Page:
Debugging a performance issue

One more post on “back to basics” series.. :)I was playing these days with a generic HTTP handler (.ashx) in ASP.NET 4.0 (it could be a web service, it doesn’t matter in this context).
The http handler tried to do a simple task: return to the client several objects, encoded as JSON. Usually there were around 50 objects, each with 200 string properties (don’t ask why). The list of objects was encoded using Newtonsoft Json.Net, and send to the browser to be displayed using JQuery – nothing special here.

When I first run the code, surprise – it took the server around 1-2 seconds to send the response to the browser, even if I run everything on a fast quad-core machine and the processor was not busy with something else, and the browser was on the same computer (so no network latency..).

The code was also pretty basic:

    public void ProcessRequest(HttpContext context)
      // ...
      context.Response.ContentType = "application/json";
      context.Response.BufferOutput = false;
      // ...
      ResultsList rows = GenerateResultsList(...); // create ~ 50 'rows', each with 200 string properties
      // serialize and write the list of objects directly to the HttpResponse, as JSON
      JsonSerializer jsonSerializer = new JsonSerializer();
      using (JsonWriter writer = new JsonTextWriter(response.Output))
        jsonSerializer.Serialize(writer, rows);


Quite low-level, but simple.
Probably you already spotted the problem in the above code, but since the real code was split into several separate classes and methods, it took me a few more steps to discover the issue.

Trying to figure out what’s happening, I compiled in release mode, fired Fiddler and got this:
Fiddler statistics
– over 2s and ~ 800KB of content.

Taking a closer look at the raw response, I saw this:
Fiddler - raw response
– tiny chunks of data, compressed with GZIP..

Something was not quite right..

Since a local download of 800KB of data should be much faster, I fired RedGate Ant Profiler to see where the bottleneck was:
Ants Profiler - the culprit
Pretty clear – even if I call JsonSerializer.Serialize only once, the response is flushed in tiny bits, 20.000 times (digging deeper with reflector, once for every JSON property and value).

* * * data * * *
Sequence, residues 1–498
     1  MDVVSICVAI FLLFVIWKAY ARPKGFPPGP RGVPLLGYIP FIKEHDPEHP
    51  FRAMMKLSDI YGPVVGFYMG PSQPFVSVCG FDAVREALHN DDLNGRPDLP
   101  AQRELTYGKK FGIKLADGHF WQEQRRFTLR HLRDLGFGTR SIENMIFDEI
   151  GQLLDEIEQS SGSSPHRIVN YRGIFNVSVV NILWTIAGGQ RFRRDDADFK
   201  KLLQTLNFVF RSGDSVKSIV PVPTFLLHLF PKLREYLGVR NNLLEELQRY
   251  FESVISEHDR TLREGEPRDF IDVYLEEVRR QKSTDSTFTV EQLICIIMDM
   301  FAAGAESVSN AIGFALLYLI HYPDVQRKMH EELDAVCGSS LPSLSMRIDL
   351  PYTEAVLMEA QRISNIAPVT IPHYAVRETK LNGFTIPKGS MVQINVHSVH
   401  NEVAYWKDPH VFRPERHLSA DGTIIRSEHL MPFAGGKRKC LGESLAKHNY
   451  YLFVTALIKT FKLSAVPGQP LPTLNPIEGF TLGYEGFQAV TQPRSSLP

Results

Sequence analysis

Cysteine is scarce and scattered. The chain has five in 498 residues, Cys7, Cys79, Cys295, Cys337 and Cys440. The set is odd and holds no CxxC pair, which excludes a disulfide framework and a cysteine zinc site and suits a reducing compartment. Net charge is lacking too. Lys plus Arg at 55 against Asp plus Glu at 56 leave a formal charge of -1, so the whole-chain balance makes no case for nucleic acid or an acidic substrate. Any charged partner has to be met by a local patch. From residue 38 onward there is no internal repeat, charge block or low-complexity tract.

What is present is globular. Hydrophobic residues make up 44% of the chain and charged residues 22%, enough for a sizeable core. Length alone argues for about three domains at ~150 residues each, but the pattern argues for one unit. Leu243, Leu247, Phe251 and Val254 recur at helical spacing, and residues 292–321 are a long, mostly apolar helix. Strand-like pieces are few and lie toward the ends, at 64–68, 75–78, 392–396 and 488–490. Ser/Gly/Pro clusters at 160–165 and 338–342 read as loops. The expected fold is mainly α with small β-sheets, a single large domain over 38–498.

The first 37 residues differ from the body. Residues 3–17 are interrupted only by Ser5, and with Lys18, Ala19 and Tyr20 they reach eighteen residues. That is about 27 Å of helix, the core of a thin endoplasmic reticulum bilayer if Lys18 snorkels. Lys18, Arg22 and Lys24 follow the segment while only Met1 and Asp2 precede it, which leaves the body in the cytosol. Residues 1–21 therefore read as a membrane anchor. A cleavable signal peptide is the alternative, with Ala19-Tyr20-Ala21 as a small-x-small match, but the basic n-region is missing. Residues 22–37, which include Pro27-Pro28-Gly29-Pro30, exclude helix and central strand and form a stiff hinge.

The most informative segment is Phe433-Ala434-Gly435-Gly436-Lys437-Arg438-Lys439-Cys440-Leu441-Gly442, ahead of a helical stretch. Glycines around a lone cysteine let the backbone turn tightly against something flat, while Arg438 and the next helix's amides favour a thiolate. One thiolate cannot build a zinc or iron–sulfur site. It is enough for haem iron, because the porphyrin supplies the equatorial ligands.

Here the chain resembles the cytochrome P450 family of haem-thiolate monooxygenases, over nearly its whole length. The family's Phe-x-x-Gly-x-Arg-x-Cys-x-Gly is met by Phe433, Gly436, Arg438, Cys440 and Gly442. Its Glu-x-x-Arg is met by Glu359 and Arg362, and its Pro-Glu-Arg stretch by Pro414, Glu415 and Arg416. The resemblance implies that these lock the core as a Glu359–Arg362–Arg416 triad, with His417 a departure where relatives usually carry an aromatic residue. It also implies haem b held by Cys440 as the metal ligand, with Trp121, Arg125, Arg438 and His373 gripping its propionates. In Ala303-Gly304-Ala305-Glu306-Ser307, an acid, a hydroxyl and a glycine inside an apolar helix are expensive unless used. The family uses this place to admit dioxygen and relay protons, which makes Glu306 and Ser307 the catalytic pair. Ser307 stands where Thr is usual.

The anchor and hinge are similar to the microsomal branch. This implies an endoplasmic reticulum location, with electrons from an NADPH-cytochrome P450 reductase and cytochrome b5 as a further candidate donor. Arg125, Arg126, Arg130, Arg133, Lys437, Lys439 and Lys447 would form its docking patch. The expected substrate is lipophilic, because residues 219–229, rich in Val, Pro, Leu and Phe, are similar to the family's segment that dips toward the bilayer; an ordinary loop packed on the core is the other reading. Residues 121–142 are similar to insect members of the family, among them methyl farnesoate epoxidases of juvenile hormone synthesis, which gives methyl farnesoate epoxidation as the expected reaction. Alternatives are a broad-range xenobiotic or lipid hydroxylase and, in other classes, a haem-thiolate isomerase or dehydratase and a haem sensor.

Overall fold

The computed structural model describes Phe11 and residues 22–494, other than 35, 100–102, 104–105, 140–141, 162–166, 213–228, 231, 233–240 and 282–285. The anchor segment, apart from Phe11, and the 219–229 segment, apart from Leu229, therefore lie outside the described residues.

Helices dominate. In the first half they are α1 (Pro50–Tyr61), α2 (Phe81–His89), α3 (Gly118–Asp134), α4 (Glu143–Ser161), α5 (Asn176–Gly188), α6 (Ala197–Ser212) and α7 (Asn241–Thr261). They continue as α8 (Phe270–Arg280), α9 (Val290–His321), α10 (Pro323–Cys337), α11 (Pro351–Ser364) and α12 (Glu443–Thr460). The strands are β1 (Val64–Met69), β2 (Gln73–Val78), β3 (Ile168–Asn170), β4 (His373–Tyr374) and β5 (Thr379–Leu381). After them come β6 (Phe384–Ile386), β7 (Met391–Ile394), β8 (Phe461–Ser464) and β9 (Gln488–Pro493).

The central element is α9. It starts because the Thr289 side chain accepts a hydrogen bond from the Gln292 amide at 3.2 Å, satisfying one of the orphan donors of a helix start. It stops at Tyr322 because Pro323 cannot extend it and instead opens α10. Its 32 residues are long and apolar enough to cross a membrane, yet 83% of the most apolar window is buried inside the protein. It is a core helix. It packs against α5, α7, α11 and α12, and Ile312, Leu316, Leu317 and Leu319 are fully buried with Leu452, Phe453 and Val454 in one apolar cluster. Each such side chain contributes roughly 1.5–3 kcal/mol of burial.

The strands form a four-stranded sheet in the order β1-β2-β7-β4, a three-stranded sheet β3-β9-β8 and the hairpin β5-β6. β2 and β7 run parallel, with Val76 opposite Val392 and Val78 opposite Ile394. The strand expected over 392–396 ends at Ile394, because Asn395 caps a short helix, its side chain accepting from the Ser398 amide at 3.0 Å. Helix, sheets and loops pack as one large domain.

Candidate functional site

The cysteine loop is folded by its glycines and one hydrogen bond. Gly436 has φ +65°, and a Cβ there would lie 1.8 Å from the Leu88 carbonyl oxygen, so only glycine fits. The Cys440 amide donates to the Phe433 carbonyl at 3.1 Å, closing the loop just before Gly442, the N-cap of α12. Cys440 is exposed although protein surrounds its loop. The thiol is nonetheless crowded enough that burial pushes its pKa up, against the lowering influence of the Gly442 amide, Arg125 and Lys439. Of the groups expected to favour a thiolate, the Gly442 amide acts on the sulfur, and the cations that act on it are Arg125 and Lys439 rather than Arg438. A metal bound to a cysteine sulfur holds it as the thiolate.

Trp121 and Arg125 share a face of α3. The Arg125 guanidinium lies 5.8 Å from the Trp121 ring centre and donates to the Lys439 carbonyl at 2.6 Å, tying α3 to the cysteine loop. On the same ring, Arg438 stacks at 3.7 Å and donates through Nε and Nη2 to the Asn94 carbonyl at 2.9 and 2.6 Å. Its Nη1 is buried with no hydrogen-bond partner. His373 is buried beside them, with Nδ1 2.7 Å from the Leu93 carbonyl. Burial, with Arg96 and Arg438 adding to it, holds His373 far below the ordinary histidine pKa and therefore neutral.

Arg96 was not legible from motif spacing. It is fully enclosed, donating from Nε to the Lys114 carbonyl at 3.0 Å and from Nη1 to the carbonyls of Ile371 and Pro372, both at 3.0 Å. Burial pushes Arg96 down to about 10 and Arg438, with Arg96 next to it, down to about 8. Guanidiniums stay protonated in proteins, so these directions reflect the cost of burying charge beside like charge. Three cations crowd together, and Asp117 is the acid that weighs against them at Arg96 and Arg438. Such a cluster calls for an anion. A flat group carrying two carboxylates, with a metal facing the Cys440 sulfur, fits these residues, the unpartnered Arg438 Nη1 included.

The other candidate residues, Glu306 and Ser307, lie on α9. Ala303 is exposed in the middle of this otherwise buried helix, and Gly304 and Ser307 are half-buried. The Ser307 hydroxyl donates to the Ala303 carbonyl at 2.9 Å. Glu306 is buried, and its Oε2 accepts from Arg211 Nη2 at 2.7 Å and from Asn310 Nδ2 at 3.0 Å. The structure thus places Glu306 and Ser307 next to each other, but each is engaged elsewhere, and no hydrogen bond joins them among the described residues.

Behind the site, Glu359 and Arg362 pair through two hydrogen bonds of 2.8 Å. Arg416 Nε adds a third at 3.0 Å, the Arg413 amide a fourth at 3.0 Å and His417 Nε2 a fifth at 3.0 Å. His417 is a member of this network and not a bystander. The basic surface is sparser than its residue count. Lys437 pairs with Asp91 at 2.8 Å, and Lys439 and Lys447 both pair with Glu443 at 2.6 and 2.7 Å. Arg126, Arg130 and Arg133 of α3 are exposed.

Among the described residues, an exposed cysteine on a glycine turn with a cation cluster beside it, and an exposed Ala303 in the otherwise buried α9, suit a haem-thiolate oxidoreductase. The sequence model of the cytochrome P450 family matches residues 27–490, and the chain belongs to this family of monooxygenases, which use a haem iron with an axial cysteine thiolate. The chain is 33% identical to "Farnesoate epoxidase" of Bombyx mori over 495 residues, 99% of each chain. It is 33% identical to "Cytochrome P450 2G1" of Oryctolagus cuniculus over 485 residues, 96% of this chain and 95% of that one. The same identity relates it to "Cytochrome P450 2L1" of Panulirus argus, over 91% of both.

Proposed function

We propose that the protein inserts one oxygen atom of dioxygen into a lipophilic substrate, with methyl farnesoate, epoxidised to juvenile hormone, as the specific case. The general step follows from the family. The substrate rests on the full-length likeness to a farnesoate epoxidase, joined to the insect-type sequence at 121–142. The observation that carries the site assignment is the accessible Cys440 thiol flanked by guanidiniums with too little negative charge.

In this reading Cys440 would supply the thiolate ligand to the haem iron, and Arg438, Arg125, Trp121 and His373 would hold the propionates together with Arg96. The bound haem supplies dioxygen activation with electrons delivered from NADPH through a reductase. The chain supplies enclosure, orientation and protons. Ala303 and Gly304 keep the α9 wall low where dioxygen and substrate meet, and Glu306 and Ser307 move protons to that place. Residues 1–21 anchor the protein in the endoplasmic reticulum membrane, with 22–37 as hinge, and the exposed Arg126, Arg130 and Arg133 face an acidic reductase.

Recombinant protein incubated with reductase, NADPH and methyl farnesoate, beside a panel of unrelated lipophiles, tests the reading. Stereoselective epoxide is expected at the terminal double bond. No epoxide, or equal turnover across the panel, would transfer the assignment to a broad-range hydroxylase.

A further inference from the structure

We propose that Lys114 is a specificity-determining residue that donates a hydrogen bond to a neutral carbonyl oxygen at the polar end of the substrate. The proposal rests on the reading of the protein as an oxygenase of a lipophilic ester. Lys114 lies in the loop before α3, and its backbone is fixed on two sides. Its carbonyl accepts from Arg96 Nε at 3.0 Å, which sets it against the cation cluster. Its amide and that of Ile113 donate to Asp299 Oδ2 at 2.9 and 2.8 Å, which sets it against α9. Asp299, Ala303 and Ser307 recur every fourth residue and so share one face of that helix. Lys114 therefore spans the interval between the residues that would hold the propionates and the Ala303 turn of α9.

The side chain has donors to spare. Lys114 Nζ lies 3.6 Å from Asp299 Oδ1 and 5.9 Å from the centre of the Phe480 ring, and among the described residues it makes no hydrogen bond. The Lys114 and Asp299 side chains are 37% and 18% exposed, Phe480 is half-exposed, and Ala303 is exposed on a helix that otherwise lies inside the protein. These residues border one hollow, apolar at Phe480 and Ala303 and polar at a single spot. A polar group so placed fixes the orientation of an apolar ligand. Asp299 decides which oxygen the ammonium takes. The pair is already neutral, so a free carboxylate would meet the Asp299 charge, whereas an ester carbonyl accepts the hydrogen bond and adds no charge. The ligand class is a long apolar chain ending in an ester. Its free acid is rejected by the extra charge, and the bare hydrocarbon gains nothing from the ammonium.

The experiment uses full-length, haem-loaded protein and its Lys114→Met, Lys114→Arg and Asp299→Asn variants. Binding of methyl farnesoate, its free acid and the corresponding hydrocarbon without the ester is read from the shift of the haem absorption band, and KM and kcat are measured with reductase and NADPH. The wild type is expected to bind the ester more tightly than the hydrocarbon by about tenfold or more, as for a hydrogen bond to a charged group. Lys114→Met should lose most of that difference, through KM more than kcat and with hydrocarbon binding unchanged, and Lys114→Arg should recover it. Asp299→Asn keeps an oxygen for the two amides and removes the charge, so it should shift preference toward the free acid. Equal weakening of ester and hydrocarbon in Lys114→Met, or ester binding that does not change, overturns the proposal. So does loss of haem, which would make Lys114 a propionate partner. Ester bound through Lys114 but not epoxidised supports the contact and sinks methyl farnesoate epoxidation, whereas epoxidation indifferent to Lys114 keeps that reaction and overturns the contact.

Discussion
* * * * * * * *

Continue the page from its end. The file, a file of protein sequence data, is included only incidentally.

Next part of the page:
Indeed, the browser receives the response immediately, as soon as it’s generated, but at what cost..

The fix was simple:
context.Response.BufferOutput = true;

Now the profiling looks much nicer:
Ants Profiler 2

Also the amount of data transferred over the wire looks better:
Fiddler statistics final
– the response is almost eight times smaller.

Also the raw HTTP response has only one gzipped chunk:
Fiddler raw final

Note to self: don’t try to be clever by thinking that sending the response immediately to the browser will always improve the ‘responsiveness’ of the application; don’t be quick to blame the JSON serializer for performance issues when the cause might be in my own code. ­čÖé When you see a performance problem, measure and profile the code, don’t try to guess the cause, unless it’s obvious.

This entry was posted in .NET, Web and tagged , , , . Bookmark the permalink.

2 Responses to Debugging a performance issue

  1. Andrei Rinea says:

    BufferOutput set to false has bit me once way back in 2006… I would personally set a compiler warning for this :))

    • Tudor Turcu says:

      It depends – sometimes it’s useful to have BufferOutput set to false (ex.: when dealing with textual content and not-so-fast connections), if you take care not to flush the content in chunks too small.

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